This article original appeared in The Star-Ledger (Newark) on June 26, 2005.
One year after the political turnover in Iraq and only five months after the inspiring election of a legitimate government, the Bush administration is losing the battle for hearts and minds around the world and in the United States. A majority of Americans have profound doubts about our strategy and think the invasion was a mistake that has increased the terrorism threat here at home.
Voices across the political spectrum are now calling for an exit strategy. Conservatives like Congressman Walter Jones (R-N.c=) say the United States has accomplished all it can militarily in Iraq. And while administration supporters suggest we don’t fight wars based on opinion polls, one “poll” can’t be dismissed: The Pentagon reports that only 14 percent of parents, coaches and others who influence young men and women would encourage them to enlist. Iraq is the overriding reason Army, National Guard, Army Reserve and Marine Corps recruiting trends are all negative.
The risk is that Iraq, like Vietnam, will undermine the readiness of our armed forces and create a breach between the military and the society it serves — wounds that took more than a decade to heal.
President Bush plans to use the first anniversary of the political transition this Tuesday to rebuild public support for the Iraq mission. He should follow the advice of Ronald Reagan’s Secretary of Defense, Caspar Weinberger, who developed a six-point doctrine to guide when and how to commit military forces overseas.
Weinberger stressed that military force should be used 1) as a last resort, 2) in defense of a vital national interest, 3) when military and political objectives are clearly defined, 4) with the size and composition of forces appropriate to the task and continually reassessed, 5) with the clear intention of winning, and 6) with a “reasonable assurance” of support from Congress and the American people.
Continuing the current course is not an option. If he has any hope of regaining lost trust on our purpose in Iraq and justifying the growing cost, Bush must be completely candid (not easy for someone who doesn’t admit mistakes) about the current situation, what’s at stake, what it will take to succeed and, in general terms, how long the mission will last.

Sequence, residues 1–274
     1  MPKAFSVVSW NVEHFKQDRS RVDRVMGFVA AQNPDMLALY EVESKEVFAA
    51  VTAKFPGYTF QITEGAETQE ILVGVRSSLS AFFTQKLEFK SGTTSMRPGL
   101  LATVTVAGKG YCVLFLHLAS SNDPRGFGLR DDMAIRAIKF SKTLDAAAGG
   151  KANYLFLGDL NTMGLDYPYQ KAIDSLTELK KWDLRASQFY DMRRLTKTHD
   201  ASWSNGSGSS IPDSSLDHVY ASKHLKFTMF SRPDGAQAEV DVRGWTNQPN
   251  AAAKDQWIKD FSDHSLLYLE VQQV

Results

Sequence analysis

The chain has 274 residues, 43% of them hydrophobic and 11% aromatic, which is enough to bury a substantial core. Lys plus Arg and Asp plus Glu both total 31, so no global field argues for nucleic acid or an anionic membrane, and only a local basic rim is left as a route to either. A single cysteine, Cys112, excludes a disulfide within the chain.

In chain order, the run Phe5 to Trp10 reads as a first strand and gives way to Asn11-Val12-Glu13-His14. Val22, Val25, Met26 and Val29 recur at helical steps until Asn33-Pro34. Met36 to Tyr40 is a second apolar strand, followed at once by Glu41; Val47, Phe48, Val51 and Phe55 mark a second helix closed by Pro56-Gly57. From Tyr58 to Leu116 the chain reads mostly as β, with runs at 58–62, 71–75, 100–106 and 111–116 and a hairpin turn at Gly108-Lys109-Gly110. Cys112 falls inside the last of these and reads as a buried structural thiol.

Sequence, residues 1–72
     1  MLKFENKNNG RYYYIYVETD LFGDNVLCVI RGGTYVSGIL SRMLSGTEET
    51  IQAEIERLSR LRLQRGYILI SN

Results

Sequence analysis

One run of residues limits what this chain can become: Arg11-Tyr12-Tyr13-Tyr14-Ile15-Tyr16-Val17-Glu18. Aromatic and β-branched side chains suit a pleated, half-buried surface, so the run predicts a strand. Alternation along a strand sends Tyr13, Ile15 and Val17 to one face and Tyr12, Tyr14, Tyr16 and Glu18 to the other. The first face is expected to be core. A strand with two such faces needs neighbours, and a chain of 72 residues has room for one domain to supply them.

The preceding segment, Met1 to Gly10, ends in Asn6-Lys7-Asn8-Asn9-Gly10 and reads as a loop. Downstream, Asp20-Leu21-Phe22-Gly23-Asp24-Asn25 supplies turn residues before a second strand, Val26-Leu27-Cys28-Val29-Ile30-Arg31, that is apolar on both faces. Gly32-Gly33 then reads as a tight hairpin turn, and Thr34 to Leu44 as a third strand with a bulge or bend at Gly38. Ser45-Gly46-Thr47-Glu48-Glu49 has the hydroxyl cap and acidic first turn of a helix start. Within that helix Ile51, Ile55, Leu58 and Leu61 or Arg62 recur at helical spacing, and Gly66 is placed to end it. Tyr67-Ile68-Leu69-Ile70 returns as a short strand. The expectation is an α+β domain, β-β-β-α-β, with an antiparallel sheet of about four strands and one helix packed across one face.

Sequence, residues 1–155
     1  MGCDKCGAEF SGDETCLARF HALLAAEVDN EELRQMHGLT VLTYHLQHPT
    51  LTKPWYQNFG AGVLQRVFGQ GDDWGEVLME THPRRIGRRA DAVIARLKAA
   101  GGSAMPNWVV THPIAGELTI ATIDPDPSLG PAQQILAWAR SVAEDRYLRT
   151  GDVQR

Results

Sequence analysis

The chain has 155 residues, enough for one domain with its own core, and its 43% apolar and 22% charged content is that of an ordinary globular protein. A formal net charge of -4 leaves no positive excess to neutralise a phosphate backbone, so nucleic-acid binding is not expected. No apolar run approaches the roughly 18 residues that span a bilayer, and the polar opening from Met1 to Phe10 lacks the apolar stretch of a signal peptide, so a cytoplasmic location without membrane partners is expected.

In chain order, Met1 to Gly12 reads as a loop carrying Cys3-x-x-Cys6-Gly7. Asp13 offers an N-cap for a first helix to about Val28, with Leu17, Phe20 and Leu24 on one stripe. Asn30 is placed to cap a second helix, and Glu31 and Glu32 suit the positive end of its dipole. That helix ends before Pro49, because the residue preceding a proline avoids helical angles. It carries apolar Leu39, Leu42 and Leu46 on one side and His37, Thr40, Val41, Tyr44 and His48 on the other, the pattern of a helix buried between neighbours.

So what does he need to say?
First, the president needs to admit that things aren’t going well. The administration’s lost credibility over the past two years — stemming from exaggerations and miscalculations about weapons of mass destruction, the progress of reconstruction, the attitudes of ordinary Iraqis and the nature of the insurgency — have come home to roost. He needs to close the gap between what the American people have been told and what they see.
The president says we’re winning. We’re not. The vice president says the insurgency is in its last throes. It’s not. Somewhere in Iraq, there may be good news to report, but the American people see the big picture. As Sen. Chuck Hagel (R-Neb.) noted, the administration’s assessments of Iraq are disconnected from reality — and the reality is we are losing in Iraq.
Second, Bush must explain why Iraq is now the central front in the war against terror and what our military is still there to accomplish. Regrettably, as a recent CIA report noted, the invasion of Iraq was a self-fulfilling prophesy. Contrary to pre-invasion administration rhetoric, Saddam had no significant links to Osama bin Laden. Now Iraq does, because Abu Musab al-Zarqawi and foreign terrorists have flocked there since the U.S. occupation began.
Al-Zarqawi has successfully exploited the Bush administration’s failure to plan and execute an effective post-invasion strategy. Drawing a lesson from Afghanistan in the 1980s, the U.S. military should concentrate on significantly reducing al-Zarqawi’s destructive capability, before any major American withdrawal.
The president needs to reframe the Iraq debate in terms of our direct national security interests. Iraq is not about liberating an oppressed people. (If that were the case, we would have troops in Sudan to oppose a genuine state sponsor of terrorism.) Our forces are not there to play rope-a-dope until Iraqis get their political and military act together. Our troops are now in Iraq to defeat terrorists who could ultimately threaten American citizens.
Finally, Bush needs to tell the American people what this commitment will cost and in rough terms how long it will take. This doesn’t require an arbitrary deadline for withdrawal; that would be a mistake. However, the administration’s current line — as long as it takes and not a day more — is insufficient.
If the president believes that the upcoming Iraqi election will allow us to succeed in months, he needs to outline an exit strategy. If it will take years, we need a sustainment strategy, including details on how our ground troops can maintain the current operational tempo; how much this will cost (on top of the $200 billion already committed); and how he intends to pay for it. It’s time for the president to stop pretending that war is risk-free and cost-free.
In the coming days, Bush needs to outline a new course for Iraq linked to specific military objectives and a clear exit ramp if he hopes to regain the trust of the American people. Otherwise, he may end up sounding like the last president to hail from Texas, who got in over his head in Vietnam, lost his way and watched the country tear apart over an unpopular war.
Lawrence Korb and P.J. Crowley are senior fellows at the Center for American Progress in Washington, D.C. Korb served as an assistant secretary of defense during the Reagan administration. Crowley was a special assistant for national security affairs to President Clinton.